An algebraic calculus of asynchronous parallel computation, called CCS (Calculus of Communicating Systems), was developed in [HM,Mil 1]. CCS can express both the semantics of parallel programming languages and the behaviour of data structures (mailbox, random access memory, buffer) which serve as interfaces between independent agents. The primitive notion is 'handshake' communication. The emphasis is upon (i) synthesis from components and (ii) extensionality (meaning &equil; observable behaviour), in contrast with Petri's Net theory which emphasizes causal independence. Here CCS is broadened to embrace synchrony, or systems which depend critically upon the timing of their components. The extension is not adhoc; it is shown that with just four combinators one may both express synchrony and derive CCS in a precise sense. In fact more is gained; it is shown in [Mil 4] how the dynamic reconfiguration of agent linkage, which was outside the scope of the original calculus, may now be expressed. Moreover the four combinators seem, informally speaking, to represent notions which are fully orthogonal to each other, and so to provide a somewhat deeper and intellectually clearer foundation for distributed computation than CCS (which in turn, at its higher level, has some advantages in manipulation). This foundation does not presume a particular abstract notion of process, which in the author's view is still a contentious matter, but rather allows candidates for such a notion to be defined and compared; each such candidate will be a congruence class for some congruence relation in the calculus.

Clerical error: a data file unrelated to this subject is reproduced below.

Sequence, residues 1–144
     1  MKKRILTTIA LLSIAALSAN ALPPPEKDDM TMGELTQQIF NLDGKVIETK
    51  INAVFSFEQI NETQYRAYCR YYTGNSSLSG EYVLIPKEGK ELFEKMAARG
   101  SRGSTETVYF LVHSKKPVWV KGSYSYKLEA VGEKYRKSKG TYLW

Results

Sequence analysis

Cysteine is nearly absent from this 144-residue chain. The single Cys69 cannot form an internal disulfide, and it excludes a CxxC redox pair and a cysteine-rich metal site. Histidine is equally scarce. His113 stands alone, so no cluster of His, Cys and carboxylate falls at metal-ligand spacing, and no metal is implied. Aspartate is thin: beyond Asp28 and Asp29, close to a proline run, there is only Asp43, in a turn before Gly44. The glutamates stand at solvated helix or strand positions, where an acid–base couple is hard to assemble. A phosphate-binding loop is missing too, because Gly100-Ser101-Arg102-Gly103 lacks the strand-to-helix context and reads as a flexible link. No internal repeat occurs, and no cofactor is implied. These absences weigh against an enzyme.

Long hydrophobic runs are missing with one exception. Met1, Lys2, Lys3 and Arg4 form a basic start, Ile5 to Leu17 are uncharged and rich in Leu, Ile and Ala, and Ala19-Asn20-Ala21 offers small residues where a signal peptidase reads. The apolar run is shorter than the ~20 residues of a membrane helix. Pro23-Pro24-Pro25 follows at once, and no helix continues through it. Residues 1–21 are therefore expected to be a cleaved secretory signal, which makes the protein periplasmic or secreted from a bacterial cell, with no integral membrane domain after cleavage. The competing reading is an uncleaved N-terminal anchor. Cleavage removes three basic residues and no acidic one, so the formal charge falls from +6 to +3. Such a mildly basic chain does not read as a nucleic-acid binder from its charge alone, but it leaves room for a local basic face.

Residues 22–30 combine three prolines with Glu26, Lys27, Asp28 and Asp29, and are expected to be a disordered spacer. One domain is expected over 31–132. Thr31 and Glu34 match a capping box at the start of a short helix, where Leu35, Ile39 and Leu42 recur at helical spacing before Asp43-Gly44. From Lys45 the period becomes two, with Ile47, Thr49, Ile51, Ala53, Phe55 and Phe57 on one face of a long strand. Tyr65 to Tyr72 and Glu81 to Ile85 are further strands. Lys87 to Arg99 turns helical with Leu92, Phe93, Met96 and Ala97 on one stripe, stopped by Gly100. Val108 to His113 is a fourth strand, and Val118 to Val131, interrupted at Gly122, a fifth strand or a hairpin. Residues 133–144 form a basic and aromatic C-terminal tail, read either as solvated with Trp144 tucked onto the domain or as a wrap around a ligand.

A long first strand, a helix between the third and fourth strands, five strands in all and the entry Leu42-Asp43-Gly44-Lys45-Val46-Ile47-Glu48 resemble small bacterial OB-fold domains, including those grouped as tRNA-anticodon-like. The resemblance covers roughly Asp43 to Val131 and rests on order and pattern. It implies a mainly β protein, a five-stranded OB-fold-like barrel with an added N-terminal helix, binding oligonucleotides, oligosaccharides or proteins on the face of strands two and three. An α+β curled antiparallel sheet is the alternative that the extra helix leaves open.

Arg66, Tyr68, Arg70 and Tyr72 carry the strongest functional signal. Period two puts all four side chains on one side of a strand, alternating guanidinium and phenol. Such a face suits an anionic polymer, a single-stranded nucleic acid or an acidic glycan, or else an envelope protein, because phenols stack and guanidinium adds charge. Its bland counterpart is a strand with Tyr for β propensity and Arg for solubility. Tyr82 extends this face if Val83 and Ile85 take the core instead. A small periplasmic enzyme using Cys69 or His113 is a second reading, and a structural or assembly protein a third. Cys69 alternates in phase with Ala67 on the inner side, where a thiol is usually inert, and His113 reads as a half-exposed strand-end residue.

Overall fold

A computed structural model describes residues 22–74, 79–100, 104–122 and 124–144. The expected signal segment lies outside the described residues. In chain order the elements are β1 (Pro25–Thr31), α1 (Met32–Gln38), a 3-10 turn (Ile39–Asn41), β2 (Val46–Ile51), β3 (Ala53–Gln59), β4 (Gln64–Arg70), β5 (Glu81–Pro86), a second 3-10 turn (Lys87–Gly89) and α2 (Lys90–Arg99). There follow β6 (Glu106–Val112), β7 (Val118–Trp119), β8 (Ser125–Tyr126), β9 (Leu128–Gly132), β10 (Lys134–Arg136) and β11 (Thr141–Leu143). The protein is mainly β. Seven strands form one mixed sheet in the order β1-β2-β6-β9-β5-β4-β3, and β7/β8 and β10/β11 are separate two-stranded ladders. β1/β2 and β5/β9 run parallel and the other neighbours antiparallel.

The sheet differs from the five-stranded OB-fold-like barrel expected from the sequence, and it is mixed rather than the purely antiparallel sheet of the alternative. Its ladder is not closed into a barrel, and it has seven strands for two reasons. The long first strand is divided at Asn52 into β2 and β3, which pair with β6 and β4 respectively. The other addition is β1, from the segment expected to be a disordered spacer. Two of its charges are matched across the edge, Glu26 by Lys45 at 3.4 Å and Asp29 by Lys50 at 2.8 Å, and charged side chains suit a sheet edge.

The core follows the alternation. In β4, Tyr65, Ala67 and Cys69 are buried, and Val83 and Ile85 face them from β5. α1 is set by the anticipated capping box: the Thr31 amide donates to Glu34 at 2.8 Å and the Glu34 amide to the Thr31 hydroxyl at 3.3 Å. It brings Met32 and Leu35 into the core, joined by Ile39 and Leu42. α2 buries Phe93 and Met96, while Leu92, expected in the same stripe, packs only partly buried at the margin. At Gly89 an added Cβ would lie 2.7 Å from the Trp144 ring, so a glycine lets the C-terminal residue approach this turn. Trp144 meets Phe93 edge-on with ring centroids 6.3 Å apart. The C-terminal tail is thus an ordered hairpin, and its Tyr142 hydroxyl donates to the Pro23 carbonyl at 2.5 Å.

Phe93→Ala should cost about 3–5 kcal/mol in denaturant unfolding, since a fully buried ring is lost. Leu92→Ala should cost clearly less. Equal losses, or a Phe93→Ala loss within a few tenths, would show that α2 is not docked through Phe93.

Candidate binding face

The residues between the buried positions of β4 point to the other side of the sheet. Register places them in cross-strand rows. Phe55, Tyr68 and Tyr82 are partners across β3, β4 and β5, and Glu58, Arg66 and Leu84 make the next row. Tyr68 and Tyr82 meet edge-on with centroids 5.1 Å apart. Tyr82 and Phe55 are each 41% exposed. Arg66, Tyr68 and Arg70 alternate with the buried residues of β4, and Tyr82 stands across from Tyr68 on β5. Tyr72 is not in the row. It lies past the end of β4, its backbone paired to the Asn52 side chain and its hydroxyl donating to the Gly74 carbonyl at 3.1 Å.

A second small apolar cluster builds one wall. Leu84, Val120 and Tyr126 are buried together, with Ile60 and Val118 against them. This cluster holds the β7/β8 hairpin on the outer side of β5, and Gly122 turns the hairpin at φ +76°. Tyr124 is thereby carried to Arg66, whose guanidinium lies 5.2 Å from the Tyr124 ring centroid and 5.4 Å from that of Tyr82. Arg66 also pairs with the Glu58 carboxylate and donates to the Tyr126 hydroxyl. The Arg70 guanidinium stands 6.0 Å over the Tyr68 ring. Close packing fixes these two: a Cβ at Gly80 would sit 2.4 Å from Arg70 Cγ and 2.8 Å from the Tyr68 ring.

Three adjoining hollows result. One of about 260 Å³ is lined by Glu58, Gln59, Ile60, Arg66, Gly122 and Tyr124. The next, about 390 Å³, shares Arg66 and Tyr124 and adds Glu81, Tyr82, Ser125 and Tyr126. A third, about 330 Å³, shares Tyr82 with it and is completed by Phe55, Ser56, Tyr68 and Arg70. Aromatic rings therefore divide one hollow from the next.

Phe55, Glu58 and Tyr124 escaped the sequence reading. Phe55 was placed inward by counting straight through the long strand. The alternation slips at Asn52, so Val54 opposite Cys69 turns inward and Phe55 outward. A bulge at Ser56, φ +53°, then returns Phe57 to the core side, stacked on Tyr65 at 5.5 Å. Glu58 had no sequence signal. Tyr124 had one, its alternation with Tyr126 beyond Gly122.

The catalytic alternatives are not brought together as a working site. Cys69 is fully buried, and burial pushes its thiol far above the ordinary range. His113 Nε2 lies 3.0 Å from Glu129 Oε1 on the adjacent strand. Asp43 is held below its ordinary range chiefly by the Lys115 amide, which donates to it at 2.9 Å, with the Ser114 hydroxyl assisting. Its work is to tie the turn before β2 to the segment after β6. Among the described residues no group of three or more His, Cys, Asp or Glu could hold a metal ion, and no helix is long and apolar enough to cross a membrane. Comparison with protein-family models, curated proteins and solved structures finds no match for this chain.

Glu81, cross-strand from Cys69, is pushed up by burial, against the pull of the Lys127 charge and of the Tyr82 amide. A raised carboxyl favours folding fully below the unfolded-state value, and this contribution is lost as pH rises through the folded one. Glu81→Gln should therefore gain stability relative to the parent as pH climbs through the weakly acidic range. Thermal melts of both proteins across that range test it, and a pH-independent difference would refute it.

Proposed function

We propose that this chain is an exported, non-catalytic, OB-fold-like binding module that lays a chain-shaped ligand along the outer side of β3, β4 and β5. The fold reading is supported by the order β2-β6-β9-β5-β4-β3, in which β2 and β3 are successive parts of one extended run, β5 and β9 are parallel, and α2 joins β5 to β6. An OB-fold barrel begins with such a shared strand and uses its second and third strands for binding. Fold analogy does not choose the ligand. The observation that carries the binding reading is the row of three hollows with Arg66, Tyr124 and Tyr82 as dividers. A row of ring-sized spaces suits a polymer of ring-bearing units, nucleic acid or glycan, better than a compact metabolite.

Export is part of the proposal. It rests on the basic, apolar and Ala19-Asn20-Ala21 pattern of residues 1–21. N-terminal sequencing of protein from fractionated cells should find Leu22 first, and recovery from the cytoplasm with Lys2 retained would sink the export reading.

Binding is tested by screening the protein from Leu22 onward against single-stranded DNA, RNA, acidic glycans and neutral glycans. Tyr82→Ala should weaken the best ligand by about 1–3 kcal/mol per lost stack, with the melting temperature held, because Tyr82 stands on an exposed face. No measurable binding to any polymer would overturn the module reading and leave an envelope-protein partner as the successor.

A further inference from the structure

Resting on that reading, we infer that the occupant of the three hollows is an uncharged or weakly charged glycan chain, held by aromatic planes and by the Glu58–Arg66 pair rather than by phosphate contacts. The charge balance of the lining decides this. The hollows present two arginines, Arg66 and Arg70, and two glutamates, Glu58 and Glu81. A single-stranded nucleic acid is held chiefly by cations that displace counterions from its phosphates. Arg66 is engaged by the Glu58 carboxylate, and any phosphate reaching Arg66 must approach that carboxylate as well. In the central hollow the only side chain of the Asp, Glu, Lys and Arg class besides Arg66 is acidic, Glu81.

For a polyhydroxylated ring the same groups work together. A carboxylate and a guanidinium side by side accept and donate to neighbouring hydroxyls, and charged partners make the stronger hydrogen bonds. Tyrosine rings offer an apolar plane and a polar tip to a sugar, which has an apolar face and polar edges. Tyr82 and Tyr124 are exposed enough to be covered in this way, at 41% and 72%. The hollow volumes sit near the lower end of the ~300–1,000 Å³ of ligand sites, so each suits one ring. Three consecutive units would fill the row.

|Title of host publication||PODC '82|
|Subtitle of host publication||Proceedings of the first ACM SIGACT-SIGOPS symposium on Principles of distributed computing|
|Number of pages||7|
|Publication status||Published - 1982|